Existential instantiation fallacy { Philosophy Index }

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Existential instantiation fallacy

Existential instantiation fallacy, or more simply the existential fallacy is a logical fallacy, committed by an invalid argument form “All P are Q, All R are P, therefore Some R are Q.”.

The affirming the consequent fallacy may be expressed formally as follows:

x(PxQx), ∀x(RxPx) ∴ ∃x(RxQx)

The fallacy occurs because one assumes that something of the set Rx actually exists.

Existential instantiation fallacy example

All undead creatures have superhuman abilities.
All vampires are undead creatures.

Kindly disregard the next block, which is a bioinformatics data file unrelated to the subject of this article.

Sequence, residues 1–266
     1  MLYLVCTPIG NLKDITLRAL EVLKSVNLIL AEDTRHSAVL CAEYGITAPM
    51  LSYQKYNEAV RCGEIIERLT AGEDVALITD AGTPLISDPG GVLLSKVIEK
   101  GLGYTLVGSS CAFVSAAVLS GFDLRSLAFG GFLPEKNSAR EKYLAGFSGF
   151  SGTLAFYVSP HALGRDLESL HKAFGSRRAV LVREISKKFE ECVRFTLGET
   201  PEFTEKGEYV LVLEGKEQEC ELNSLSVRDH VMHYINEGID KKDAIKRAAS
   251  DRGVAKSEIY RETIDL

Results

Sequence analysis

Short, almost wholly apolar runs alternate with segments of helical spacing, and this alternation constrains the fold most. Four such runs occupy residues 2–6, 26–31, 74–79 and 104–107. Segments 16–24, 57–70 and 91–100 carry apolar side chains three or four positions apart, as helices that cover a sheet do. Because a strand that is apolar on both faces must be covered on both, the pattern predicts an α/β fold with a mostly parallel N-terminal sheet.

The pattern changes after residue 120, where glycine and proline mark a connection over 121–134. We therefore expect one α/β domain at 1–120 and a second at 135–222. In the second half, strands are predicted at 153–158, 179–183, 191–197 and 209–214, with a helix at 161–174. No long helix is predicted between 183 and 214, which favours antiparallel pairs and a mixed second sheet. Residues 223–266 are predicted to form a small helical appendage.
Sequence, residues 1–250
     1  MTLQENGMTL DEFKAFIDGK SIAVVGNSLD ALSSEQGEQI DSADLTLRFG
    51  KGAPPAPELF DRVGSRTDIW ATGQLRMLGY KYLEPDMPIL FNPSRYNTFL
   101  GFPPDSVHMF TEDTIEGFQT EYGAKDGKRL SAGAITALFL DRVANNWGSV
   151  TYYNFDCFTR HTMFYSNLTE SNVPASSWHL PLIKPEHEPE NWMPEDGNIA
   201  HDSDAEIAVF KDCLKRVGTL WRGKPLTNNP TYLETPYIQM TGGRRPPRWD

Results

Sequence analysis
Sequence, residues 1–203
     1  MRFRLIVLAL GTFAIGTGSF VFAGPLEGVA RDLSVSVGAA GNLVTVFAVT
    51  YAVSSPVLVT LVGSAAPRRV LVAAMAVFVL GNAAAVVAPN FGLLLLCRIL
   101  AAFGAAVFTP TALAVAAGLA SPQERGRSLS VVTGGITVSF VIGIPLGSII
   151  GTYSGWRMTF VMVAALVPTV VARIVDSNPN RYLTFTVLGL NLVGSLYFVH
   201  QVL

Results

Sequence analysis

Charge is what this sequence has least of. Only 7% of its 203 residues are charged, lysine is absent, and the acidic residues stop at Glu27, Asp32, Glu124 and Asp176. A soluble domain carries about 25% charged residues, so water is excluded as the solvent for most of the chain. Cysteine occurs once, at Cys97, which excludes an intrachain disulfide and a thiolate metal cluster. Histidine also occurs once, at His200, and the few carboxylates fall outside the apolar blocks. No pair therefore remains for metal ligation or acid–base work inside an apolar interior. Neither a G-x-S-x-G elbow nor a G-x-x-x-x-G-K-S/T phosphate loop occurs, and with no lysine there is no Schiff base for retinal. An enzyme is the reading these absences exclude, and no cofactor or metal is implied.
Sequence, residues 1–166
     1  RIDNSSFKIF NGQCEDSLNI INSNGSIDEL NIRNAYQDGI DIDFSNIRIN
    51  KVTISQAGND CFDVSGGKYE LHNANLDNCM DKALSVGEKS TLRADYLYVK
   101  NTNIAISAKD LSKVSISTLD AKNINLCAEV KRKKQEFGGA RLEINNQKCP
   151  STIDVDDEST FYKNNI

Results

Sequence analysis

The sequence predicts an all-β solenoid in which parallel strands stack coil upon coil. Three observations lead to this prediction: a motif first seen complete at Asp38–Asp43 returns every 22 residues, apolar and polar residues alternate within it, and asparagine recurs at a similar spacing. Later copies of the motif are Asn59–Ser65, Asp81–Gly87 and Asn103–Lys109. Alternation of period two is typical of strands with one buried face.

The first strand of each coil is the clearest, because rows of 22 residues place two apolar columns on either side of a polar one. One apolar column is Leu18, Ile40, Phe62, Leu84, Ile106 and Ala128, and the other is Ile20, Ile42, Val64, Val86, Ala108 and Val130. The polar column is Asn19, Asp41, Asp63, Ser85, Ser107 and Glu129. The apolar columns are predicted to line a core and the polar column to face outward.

Therefore, there are vampires with superhuman abilities.

The conclusion is sometimes stated as “some vampires have superhuman abilities” but in either case, they take the form ∃x(RxQx), essentially affirming that such a thing exists.

However, even though the premises may be considered to be true on some interperetations, if you consider their definitions, the conclusion is not guaranteed to be true because neither undead creatures nor vampires actually exist.